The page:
Emai//er (and Bobbi's other Apple II Projects)

Bobbi’s page of projects includes Emai//er, an email client for those of us with a networked IIGS (as it happens, that doesn’t include me)…

and also EightBall “The Eight Bit Algorithmic Language” which “is an interpreter and bytecode compiler for a novel structured programming language. It runs on a number of 6502-based vintage systems…”


Wow, EightBall is really interesting! I see things that remind me of B, things that remind me of Pascal or a post-line-number BASIC, and things that remind me of C. It looks like a much more pleasant language to use than Applesoft BASIC, I really want to play with it and see how it performs!

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Well BASIC was BASIC back then. No 8 bit cpu, was ever ment for
general purpose computing, BASIC and ByteCode languages got around that limitation.64Kb of memory was the other limitation. Only a 24 bit or larger computer could provide more address space.
(Buy one Ben’s 24 bit CPU’s and get a free ‘improved’ mouse trap).
The PDP 11 and Intel gave you separate virtual spaces, but that was
not solution for big (1979?) projects.
(uses oil, so trapped mice don’t squeek)

A pure 8 bit computer can only address 256 bytes which is too little for most applications. It can be enough for educational use like in the Kenbak-1. A hybrid design with a non 8 bit address size can handle larger programs. This different size can be anything you like, such as 13 bits for the 8008 or 12 bits in The Ugly Duckling (Brazil’s first practical computer from 1972).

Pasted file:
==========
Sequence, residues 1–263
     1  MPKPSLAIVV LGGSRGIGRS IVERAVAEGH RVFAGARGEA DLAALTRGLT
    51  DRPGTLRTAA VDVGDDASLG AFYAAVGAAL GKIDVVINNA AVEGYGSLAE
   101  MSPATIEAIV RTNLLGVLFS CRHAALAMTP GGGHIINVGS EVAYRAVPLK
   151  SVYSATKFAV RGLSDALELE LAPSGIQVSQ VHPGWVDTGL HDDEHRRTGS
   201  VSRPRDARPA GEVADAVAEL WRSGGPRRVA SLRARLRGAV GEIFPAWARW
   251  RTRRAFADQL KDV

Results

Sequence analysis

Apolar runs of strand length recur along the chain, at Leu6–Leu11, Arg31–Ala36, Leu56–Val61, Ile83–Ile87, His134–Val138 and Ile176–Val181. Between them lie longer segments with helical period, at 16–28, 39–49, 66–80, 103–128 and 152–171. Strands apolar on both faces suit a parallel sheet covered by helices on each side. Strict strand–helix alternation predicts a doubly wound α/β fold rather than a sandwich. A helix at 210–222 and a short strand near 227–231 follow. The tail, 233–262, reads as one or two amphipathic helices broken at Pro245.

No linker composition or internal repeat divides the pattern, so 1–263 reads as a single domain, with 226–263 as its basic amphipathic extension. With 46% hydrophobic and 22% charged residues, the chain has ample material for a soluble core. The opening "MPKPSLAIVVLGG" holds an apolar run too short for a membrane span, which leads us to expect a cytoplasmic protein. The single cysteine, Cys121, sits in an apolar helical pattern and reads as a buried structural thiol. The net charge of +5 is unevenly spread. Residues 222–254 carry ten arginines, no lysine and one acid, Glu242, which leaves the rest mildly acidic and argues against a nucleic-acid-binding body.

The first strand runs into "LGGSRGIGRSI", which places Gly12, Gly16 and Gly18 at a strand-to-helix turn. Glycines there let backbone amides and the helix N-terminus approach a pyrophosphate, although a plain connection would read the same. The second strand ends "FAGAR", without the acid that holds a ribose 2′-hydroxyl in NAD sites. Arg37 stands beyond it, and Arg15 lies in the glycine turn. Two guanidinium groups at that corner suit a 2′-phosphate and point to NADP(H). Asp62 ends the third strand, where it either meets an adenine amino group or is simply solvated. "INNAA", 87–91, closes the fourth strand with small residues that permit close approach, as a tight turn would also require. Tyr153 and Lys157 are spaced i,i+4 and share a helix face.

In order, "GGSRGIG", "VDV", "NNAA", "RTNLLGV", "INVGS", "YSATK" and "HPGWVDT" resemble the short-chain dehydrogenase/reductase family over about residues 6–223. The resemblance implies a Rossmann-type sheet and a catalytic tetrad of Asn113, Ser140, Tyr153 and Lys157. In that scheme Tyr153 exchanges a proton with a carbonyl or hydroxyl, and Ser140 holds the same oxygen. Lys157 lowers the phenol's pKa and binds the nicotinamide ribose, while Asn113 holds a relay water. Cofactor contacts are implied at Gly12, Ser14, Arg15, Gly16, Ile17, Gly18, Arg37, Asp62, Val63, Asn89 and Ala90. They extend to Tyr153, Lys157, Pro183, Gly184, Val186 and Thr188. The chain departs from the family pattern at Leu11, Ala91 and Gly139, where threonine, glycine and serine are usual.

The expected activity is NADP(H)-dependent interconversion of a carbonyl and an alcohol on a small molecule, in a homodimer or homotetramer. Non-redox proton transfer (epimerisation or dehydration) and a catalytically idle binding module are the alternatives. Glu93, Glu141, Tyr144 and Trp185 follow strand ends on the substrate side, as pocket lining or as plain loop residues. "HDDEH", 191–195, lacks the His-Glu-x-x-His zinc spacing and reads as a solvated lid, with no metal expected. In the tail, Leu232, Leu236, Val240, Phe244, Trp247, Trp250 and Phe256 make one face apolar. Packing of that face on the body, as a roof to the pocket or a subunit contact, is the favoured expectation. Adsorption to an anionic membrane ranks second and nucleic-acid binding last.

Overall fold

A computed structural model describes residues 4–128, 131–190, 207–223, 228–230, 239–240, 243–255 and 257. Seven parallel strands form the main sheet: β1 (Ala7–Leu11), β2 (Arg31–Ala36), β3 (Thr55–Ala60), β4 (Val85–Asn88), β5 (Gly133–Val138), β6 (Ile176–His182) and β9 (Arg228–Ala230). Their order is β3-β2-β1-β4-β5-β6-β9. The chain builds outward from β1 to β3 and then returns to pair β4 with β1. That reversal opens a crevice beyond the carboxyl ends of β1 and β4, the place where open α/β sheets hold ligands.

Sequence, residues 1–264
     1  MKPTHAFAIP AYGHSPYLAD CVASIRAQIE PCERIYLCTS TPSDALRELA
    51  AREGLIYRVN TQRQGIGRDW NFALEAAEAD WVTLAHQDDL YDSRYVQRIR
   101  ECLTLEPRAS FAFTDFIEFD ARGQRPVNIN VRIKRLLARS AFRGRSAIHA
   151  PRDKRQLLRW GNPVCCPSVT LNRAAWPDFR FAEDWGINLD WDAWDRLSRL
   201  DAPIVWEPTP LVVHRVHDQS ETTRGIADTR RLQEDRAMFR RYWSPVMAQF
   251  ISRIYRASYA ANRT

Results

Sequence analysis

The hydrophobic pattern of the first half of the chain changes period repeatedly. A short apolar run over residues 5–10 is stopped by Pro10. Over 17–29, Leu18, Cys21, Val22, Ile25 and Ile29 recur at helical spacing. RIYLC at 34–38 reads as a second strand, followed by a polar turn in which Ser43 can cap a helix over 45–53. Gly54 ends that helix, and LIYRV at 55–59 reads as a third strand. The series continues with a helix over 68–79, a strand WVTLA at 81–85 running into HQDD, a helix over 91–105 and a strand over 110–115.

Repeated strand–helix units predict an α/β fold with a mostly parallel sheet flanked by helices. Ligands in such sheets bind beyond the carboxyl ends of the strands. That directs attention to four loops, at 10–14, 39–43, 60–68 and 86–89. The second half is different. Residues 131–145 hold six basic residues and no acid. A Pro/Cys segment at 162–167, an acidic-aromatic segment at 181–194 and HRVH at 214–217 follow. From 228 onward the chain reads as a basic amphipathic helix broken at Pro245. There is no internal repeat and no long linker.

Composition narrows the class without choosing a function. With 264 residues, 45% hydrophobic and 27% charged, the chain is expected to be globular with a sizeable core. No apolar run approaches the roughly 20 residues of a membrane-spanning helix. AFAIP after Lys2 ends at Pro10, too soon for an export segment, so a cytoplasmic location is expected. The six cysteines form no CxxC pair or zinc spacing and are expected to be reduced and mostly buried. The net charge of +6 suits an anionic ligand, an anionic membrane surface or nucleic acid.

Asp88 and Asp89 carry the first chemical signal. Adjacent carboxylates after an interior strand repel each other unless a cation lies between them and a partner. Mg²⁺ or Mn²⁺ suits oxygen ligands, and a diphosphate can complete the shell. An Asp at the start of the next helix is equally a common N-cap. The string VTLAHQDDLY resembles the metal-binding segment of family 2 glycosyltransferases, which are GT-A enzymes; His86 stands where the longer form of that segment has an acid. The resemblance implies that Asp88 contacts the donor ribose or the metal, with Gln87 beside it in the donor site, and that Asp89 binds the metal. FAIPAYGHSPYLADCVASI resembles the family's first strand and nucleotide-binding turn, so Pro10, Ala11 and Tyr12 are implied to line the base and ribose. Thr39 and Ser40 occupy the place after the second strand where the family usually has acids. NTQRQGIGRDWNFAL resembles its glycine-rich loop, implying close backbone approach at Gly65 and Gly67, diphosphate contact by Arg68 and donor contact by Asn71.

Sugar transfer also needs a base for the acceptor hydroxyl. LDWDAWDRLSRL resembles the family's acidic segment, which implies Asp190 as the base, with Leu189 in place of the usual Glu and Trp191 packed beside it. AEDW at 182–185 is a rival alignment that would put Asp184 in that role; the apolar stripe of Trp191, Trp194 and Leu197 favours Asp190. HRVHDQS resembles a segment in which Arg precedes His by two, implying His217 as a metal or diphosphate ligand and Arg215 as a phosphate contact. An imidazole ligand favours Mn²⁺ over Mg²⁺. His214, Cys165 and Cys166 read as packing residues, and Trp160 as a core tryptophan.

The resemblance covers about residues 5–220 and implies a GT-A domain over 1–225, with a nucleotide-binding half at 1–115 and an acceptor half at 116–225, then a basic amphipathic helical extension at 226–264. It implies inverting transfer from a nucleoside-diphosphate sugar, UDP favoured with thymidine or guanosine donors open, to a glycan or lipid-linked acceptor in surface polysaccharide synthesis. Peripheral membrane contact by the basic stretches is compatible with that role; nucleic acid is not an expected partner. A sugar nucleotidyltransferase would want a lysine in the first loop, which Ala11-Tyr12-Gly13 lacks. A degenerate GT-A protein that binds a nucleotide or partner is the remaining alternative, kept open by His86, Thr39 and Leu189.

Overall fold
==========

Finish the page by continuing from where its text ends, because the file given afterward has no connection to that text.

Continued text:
16 bit addresses are an extremely popular option since a pointer in memory takes up exactly two bytes. To show how arbitrary this is, however, back in 2013 I designed a nice processor called retro8 which used 24 bit addresses instead. As long as it is easy to multiply by 3 this is just as convenient as 16 bits.

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retro8 sounds interesting @jecel - can you share details of the machine? Either here or perhaps at the small community over at anycpu.

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I can post the full text about retro8 as a new thread (it is reasonably short).


24 bit addresses may be just as convenient for the software developer, but from a hardware perspective it means more address lines which means more expense. And from a performance perspective it takes less memory and time to use 2 byte addresses. And for much of the 8-bit home computing era, it was expensive to have a home computer that exceeded 64K of RAM.

That said, the most popular 8-bit was the Commodore 64, which did indeed run into annoying address limitations (with 64K of RAM as well as significant ROM). A lot of relatively popular 8 bits had 128K of RAM … enough RAM such that the normal 64K address limitation was annoying, but not so much higher that it deserved a real rethink.

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